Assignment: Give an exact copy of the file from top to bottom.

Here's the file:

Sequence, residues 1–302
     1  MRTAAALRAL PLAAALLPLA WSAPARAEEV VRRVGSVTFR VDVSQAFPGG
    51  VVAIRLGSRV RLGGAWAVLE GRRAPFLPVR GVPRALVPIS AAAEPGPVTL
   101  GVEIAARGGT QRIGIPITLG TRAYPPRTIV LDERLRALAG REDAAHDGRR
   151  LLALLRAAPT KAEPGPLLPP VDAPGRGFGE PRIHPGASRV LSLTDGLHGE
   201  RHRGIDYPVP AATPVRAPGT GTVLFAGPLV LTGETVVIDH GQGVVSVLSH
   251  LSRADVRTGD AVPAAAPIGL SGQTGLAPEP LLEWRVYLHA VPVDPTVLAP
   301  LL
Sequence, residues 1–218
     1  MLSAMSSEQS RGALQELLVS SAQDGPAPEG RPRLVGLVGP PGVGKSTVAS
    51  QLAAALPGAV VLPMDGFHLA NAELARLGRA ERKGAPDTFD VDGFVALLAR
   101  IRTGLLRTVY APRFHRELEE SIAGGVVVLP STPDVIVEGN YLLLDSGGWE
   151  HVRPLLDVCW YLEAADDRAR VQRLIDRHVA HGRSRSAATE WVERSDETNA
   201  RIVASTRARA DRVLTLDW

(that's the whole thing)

Sequence, residues 1–302
     1  MRTAAALRAL PLAAALLPLA WSAPARAEEV VRRVGSVTFR VDVSQAFPGG
    51  VVAIRLGSRV RLGGAWAVLE GRRAPFLPVR GVPRALVPIS AAAEPGPVTL
   101  GVEIAARGGT QRIGIPITLG TRAYPPRTIV LDERLRALAG REDAAHDGRR
   151  LLALLRAAPT KAEPGPLLPP VDAPGRGFGE PRIHPGASRV LSLTDGLHGE
   201  RHRGIDYPVP AATPVRAPGT GTVLFAGPLV LTGETVVIDH GQGVVSVLSH
   251  LSRADVRTGD AVPAAAPIGL SGQTGLAPEP LLEWRVYLHA VPVDPTVLAP
   301  LL
Sequence, residues 1–218
     1  MLSAMSSEQS RGALQELLVS SAQDGPAPEG RPRLVGLVGP PGVGKSTVAS
    51  QLAAALPGAV VLPMDGFHLA NAELARLGRA ERKGAPDTFD VDGFVALLAR
   101  IRTGLLRTVY APRFHRELEE SIAGGVVVLP STPDVIVEGN YLLLDSGGWE
   151  HVRPLLDVCW YLEAADDRAR VQRLIDRHVA HGRSRSAATE WVERSDETNA
   201  RIVASTRARA DRVLTLDW